"Every day we see patients who are unable to afford the costs of expensive cancer therapy - they would benefit greatly from in inexpensive form of cancer treatment like aspirin," says Dr Conjeevaram Pramesh, from the Tata Memorial Hospital, Mumbai, leading the Add-Aspirin trial in India. "There is immense potential for a simple, cost-effective treatment like aspirin to help people with Cancer in India and other resource-poor countries."
But importantly, people should not start taking aspirin without first speaking to their doctor, as aspirin isn't suitable for everyone and it can have serious side effects. Please speak to your oncologist or research nurse if you would like to join the Add-Aspirin trial.
Read more here.
Guardian: Aspirin 'may double life expectancy of cancer patients'
This headline recently appeared in the Guardian with a number of other newspapers reporting on the same story. The report was about a large study conducted by researchers in the Netherlands. The researchers used national databases to identify people who had been diagnosed with cancer in the digestive system and see whether or not they took aspirin following their diagnosis. They followed this group of nearly 14,000 people over a number of years to see how long they lived after their cancer diagnosis. The results were presented at the European Cancer Congress 2015.
In keeping with other previous studies of this kind, the researchers found that those people who took aspirin were more likely to live longer than those who did not, and that this was particularly notable for people with cancer in the oesophagus (food pipe), colon (large bowel) or rectum. There are some important limitations to this type of study – in particular, there will be many other factors that affect how long a person lives following a cancer diagnosis, and these may differ between those people who did and did not take aspirin. Also, since the information was collected in national databases a number of years ago, it may not be possible to go back and check the details.
The best way to confirm the findings from this and other similar studies is to do a clinical trial. This is the aim of the Add-Aspirin trial. Some participants will take aspirin and others will take a placebo (dummy) tablet – this will be decided at random in order to make a fair comparison. They will be followed up for a number of years to collect all of the relevant information to see whether aspirin can delay or prevent their cancer from returning. This new study further highlights the need for a trial to answer this question once and for all.
BBC News: Aspirin 'might boost cancer therapy'
This headline recently appeared on the BBC news, with a number of other newspapers reporting on the same story. The report was about a study in mice by researchers at the Francis Crick Institute. The scientists looked at drugs known as Cox-inhibitors (aspirin is a type of Cox-inhibitor). Their results suggested that using these drugs alongside cancer treatments that are designed to allow the body’s own immune system to attack the cancer may make the treatment more effective. Since this was a study in mice, further research will be needed before it is known whether or not this will be a useful approach in treating people with cancer and which people it might help. The study was published in the journal Cell.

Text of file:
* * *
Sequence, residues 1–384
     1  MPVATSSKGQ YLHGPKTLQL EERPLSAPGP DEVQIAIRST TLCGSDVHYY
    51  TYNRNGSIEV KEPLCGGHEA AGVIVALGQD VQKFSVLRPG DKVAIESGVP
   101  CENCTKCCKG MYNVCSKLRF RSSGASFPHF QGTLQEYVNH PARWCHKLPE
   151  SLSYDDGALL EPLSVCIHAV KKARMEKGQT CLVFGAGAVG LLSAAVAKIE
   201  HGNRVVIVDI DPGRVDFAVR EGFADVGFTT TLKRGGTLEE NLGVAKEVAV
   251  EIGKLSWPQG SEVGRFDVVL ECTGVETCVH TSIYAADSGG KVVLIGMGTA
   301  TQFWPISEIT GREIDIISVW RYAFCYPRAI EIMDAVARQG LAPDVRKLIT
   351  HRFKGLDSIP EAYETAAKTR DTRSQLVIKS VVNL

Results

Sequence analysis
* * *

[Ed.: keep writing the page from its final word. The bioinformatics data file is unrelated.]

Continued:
In the Add-Aspirin trial, participants will take aspirin (or a placebo) after initial treatment for cancer for a period of at least 5 years. Aspirin may work in different ways. In the trial, we are mainly trying to find out if aspirin can stop cancers spreading or coming back after initial treatment. The cancer treatments that participants will have received before joining the trial are not the same as those studied in this recent report (as these treatments are not currently used for the types of cancer being studied in the Add-Aspirin trial). We do not believe that this new information affects the rationale for the trial, but it may help us to better understand how aspirin may work against cancer.
The Times: Daily aspirin found to reduce bowel cancer risk
This headline recently appeared in The Times. It was a report of a large Danish study which has been published in the Annals of Internal Medicine. The researchers looked at cancer registries and data on aspirin prescriptions for more than 10,000 individuals in Denmark. They aimed to see whether taking aspirin affected an individual’s risk of developing bowel cancer. They also looked at use of other non-steroidal anti-inflammatory drugs (NSAIDs), for example, ibuprofen.
In keeping with many previous studies, the researchers found that people who took aspirin were less likely to be diagnosed with bowel cancer although, importantly, this only applied to individuals who took aspirin regularly over a long period of time (5 years or more). There are a number of limitations to this type of study – for example, information on other risk factors for developing bowel cancer were not available and may have affected the results. But the results are consistent with previous studies showing that long-term aspirin use appears to reduce the risk of bowel cancer. Participants in the Add-Aspirin trial will have had a previous diagnosis and treatment for cancer, and so their risk of cancer returning will be higher than in the general population and they may derive an even greater benefit from taking aspirin. Participants in the Add-Aspirin trial will be asked to take aspirin (or a placebo) for a period of at least 5 years, so that the effects of long-term use can be seen. We do not believe that this new information affects the rationale for the trial but we will continue to monitor all new information carefully.